We ain’t no delinquents

by Henry on August 19, 2008

Hilzoy “comments”:http://obsidianwings.blogs.com/obsidian_wings/2008/08/advisors-claim.html on David Brooks’ latest “column”:http://www.nytimes.com/2008/08/19/opinion/19brooks.html?ref=opinion about how John McCain is a decent man being forced by the sad realities of the American political system to run a negative campaign.

Compelled? No choice? I don’t think so. For one thing, there are lots of ways in which McCain could campaign without lying or impugning his opponent’s patriotism. Some of them might even win. If McCain’s advisors can’t think of a single one of them, that shows only their limited imaginations.

But let’s pretend, just for the sake of argument, that they are right to say that the only way to win, this year, is by taking the low road. Would that mean that they have to take it? Of course not. That means you have a choice between honor and ambition; between running a decent campaign and a sordid one; between being a candidate the country can be proud of and being a candidate who contributes to the degradation and trivialization of political discourse.

You would have no choice only if you assumed that your own ambitions were more important than your honor.

To enlarge on this point a little: isn’t it _particularly_ incongruous for a self-described conservative pundit to invoke the “Gee Officer Krupke”:http://www.westsidestory.com/site/level2/lyrics/krupke.html defence? You know, all that honor and integrity stuff – how the choices we make reflect our innate character rather than our environment and all that. I imagine that if we saw an actual principled conservative assessment of some of the tactics that have been used by McCain in the last several weeks (flat out lies, claims that his opponent cares more about winning the election than the lives of American troops and so on), it would arrive at rather different conclusions …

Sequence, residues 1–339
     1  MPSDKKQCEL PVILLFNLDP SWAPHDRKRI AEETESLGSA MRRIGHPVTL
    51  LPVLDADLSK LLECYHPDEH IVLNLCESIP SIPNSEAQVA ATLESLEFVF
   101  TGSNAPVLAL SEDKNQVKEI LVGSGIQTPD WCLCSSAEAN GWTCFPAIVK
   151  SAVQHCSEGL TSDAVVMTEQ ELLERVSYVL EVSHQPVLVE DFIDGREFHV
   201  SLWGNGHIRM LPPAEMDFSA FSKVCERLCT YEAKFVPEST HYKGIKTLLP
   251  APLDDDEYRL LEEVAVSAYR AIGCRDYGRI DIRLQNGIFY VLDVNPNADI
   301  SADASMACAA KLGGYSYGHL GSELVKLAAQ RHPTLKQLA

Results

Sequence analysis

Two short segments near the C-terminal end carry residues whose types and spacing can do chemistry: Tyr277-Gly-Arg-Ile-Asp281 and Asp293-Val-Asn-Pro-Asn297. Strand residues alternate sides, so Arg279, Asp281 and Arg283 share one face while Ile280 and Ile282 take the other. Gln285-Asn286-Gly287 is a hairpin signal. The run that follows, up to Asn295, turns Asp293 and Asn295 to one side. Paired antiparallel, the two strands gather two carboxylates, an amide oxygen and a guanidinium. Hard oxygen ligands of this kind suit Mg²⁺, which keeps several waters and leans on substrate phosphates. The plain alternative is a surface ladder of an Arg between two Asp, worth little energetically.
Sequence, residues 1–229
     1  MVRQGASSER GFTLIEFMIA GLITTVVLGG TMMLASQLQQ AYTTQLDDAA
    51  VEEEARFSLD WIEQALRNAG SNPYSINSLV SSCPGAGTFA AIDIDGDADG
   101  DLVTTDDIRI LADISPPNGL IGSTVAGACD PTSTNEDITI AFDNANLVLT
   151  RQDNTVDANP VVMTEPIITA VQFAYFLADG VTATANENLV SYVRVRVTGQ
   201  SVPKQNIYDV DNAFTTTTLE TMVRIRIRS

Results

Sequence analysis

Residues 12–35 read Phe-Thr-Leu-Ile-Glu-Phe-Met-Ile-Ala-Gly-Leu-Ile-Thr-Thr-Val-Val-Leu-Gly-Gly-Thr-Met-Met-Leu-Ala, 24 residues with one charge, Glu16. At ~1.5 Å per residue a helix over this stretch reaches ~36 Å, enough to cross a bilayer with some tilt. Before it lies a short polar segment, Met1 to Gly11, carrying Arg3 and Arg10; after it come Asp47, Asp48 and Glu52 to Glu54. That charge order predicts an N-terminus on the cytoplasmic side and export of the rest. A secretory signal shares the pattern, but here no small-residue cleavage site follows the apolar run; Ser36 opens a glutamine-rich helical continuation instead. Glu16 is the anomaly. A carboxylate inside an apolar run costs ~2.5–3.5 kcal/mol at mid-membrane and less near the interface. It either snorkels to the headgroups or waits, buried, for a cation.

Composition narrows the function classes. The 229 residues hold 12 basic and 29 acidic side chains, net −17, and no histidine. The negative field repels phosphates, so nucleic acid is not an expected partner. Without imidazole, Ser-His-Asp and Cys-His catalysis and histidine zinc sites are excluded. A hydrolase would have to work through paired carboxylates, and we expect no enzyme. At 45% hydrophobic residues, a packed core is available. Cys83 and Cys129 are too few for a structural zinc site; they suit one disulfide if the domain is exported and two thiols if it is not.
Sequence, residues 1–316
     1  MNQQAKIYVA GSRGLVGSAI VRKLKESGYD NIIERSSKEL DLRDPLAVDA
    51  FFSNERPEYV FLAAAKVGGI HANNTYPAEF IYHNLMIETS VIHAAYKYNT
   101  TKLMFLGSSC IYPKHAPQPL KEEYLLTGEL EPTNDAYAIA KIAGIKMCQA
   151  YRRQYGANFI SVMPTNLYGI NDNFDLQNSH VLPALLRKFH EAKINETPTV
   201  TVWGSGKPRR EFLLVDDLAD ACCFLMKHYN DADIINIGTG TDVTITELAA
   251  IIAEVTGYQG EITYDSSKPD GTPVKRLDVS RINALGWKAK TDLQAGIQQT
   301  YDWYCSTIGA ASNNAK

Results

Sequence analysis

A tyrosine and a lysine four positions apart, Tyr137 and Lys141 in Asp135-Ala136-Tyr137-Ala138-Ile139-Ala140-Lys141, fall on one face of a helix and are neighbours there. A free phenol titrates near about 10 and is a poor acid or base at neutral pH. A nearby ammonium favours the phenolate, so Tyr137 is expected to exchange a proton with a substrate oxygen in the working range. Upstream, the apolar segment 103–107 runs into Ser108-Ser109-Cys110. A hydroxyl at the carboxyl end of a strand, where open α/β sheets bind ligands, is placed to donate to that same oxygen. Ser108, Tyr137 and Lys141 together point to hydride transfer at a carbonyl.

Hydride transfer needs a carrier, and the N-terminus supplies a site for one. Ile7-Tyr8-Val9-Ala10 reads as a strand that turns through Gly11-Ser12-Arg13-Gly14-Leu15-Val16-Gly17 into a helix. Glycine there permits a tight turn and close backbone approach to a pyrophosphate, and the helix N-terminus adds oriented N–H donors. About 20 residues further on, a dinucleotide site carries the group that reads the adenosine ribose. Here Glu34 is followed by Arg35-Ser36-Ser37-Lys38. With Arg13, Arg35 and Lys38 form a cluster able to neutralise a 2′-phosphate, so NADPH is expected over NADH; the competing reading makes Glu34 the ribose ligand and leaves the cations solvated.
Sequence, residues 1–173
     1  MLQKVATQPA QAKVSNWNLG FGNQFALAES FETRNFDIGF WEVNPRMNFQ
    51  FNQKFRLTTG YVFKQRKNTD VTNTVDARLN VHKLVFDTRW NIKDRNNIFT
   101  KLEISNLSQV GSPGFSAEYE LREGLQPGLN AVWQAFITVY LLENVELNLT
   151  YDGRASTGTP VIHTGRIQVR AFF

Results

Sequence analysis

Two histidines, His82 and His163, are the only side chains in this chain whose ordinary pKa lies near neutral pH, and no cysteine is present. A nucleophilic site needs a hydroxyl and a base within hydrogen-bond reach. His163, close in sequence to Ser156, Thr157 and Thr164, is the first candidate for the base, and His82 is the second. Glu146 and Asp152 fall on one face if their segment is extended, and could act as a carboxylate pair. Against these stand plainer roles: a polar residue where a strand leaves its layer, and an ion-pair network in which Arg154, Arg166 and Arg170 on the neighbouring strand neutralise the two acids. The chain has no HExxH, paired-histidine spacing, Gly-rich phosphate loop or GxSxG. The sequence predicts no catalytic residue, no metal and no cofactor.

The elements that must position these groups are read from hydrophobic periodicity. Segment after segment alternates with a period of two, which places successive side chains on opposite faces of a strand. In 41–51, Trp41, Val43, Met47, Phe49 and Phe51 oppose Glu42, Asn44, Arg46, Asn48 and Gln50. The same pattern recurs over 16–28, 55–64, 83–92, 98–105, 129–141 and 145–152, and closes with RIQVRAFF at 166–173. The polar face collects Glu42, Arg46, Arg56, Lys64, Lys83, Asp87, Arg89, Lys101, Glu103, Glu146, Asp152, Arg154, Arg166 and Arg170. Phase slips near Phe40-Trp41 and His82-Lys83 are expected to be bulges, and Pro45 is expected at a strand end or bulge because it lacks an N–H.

{ 39 comments }

1

roy belmont 08.19.08 at 9:06 pm

The ultimate version of that kind of principled refusal is “death before dishonor”.
A concept so alien to the people who are running most everything now they ridicule it. In private.
Publicly it just never comes up.

The same jingoist reverence for the bravery of FDNY at Ground Zero coexists in the hearts and minds of those who will use the justification of imminent danger for the commission of heinous cowardly acts.

This is pretty much the dominant American psyche now, if not the majority condition.
We have to do all these craven things in order to survive.
And of course eventually that’s a perfectly valid statement.

2

Barry 08.19.08 at 9:09 pm

“To enlarge on this point a little: isn’t it particularly incongruous for a self-described conservative pundit to invoke the Gee Officer Krupke defence? ”

No, not one bit, since ‘self-described conservative’ means (almost always) ‘shill for the right-wing’.

3

DC 08.19.08 at 10:38 pm

“all that honor and integrity stuff – how the choices we make reflect our innate character rather than our environment and all that.”